Allergic eye disease, as in most forms of atopy, ranges in severity among individuals from immediate hypersensitivity to a severe and debilitating chronic disease. Dendritic cells play a key role in stimulating pathogenic T cells in allergen re-exposure, or secondary responses. However, molecular cues by dendritic cells underpinning allergic T cell response levels and the impact that this control has on consequent severity of allergic disease are poorly understood. Here, we show that a deficiency in thrombospondin-1, a matricellular protein known to affect immune function, has subsequent effects on downstream T cell responses during allergy, as revealed in an established mouse model of allergic eye disease. More specifically, we demonstrate that a thrombospondin-1 deficiency specific to dendritic cells leads to heightened secondary T cell responses and consequent clinical disease. Interestingly, whereas thrombospondin-1-deficient dendritic cells augmented activity of allergen-primed T cells, this increase was not recapitulated with naïve T cells in vitro. The role of dendritic cell-derived thrombospondin-1 in regulating secondary allergic T cell responses was confirmed in vivo, as local transfer of thrombospondin-1-sufficient dendritic cells to the ocular mucosa of thrombospondin-1 null hosts prevented the development of augmented secondary T cell responses and heightened allergic eye disease clinical responses. Finally, we demonstrate that topical instillation of thrombospondin-1-derived peptide reduces T cell activity and clinical progression of allergic eye disease. Taken together, this study reveals an important modulatory role of dendritic cell-derived thrombospondin-1 on secondary allergic T cell responses and suggests the possible dysregulation of dendritic cell-derived thrombospondin-1 expression as a factor in allergic eye disease severity.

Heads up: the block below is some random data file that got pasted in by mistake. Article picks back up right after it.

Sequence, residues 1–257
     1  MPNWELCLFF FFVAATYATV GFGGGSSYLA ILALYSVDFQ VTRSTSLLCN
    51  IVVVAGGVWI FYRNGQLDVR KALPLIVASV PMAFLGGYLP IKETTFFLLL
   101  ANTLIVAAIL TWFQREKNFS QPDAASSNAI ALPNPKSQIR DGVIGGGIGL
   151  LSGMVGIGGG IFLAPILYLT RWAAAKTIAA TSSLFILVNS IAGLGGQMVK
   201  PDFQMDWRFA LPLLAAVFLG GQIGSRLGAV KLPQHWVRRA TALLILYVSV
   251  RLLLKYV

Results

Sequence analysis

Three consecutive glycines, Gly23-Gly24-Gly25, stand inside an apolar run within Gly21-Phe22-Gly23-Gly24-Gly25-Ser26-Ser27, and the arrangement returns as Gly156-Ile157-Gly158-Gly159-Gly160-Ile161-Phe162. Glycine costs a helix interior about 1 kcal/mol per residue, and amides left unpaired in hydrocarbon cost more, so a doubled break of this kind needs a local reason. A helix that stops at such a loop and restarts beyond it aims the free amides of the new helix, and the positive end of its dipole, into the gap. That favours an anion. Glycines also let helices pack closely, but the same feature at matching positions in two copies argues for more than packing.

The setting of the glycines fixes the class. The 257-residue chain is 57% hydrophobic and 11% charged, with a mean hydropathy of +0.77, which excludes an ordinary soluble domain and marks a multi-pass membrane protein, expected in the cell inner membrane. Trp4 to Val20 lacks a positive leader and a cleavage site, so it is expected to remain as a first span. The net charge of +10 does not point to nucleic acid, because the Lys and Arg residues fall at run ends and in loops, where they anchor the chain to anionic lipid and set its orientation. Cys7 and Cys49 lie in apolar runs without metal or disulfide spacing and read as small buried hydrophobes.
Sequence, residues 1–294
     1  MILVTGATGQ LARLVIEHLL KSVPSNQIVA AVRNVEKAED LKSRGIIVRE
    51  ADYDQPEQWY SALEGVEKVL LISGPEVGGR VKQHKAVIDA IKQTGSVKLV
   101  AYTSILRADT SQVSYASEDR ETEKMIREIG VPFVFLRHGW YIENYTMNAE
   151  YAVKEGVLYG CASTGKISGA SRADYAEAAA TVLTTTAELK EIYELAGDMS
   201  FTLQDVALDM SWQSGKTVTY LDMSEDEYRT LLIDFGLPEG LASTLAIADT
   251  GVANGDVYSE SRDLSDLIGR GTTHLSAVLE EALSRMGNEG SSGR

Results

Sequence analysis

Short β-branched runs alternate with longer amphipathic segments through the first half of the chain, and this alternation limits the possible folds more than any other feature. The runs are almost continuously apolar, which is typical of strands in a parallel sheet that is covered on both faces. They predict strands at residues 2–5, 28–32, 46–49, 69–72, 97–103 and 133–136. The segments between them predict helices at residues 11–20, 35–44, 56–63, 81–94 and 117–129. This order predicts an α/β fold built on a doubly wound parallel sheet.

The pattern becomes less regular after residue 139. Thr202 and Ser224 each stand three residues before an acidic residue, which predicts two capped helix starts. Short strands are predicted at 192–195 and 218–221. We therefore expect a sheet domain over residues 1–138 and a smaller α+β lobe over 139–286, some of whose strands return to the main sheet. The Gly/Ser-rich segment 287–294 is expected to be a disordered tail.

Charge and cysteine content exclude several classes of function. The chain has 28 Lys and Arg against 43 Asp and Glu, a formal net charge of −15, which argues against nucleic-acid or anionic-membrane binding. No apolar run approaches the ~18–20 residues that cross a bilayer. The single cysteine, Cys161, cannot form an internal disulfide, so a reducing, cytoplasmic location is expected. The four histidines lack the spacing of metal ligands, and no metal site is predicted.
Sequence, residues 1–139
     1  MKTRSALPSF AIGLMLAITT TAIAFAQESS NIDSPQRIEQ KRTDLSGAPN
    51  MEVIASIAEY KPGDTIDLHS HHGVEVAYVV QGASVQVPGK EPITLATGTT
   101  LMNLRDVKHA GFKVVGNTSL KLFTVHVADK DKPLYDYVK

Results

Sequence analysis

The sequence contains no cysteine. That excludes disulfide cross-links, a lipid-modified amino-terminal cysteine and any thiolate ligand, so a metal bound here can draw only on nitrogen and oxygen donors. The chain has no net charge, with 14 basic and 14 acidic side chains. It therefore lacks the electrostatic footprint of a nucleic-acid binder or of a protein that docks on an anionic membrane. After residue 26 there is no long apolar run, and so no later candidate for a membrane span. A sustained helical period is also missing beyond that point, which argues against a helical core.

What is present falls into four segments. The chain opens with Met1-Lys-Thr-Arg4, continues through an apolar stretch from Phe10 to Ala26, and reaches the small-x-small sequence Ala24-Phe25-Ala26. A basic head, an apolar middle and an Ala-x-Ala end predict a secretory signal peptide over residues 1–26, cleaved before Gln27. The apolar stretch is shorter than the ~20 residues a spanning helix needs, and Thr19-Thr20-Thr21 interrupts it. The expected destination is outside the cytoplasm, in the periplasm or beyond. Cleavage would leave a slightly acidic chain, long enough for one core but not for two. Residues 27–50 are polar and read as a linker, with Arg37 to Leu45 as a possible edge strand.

Kempen JH, Gewaily DY, Newcomb CW, Liesegang TL, Kaçmaz OR, Levy-Clarke GA, Nussenblatt RB, Rosenbaum JT, Sen NH, Suhler EB, Thorne JE, Foster SC, Jabs DA, Payal A, Fitzgerald TD, for Group SITED (SITE) R. Remission of Intermediate Uveitis: Incidence and Predictive Factors. Am J Ophthalmol 2016;164:110-117.e2.Abstract

PURPOSE: To evaluate the incidence of remission among patients with intermediate uveitis; to identify factors potentially predictive of remission. DESIGN: Retrospective cohort study. METHODS: Involved eyes of patients with primary noninfectious intermediate uveitis at 4 academic ocular inflammation subspecialty practices, followed sufficiently long to meet the remission outcome definition, were studied retrospectively by standardized chart review data. Remission of intermediate uveitis was defined as a lack of inflammatory activity at ≥2 visits spanning ≥90 days in the absence of any corticosteroid or immunosuppressant medications. Factors potentially predictive of intermediate uveitis remission were evaluated using survival analysis. RESULTS: Among 849 eyes (of 510 patients) with intermediate uveitis followed over 1934 eye-years, the incidence of intermediate uveitis remission was 8.6/100 eye-years (95% confidence interval [CI], 7.4-10.1). Factors predictive of disease remission included prior pars plana vitrectomy (PPV) (hazard ratio [HR] [vs no PPV] = 2.39; 95% CI, 1.42-4.00), diagnosis of intermediate uveitis within the last year (HR [vs diagnosis >5 years ago] =3.82; 95% CI, 1.91-7.63), age ≥45 years (HR [vs age <45 years] = 1.79; 95% CI, 1.03-3.11), female sex (HR = 1.61; 95% CI, 1.04-2.49), and Hispanic race/ethnicity (HR [vs white race] = 2.81; 95% CI, 1.23-6.41). Presence/absence of a systemic inflammatory disease, laterality of uveitis, and smoking status were not associated with differential incidence. CONCLUSIONS: Our results suggest that intermediate uveitis is a chronic disease with an overall low rate of remission. Recently diagnosed patients and older, female, and Hispanic patients were more likely to remit. With regard to management, pars plana vitrectomy was associated with increased probability of remission.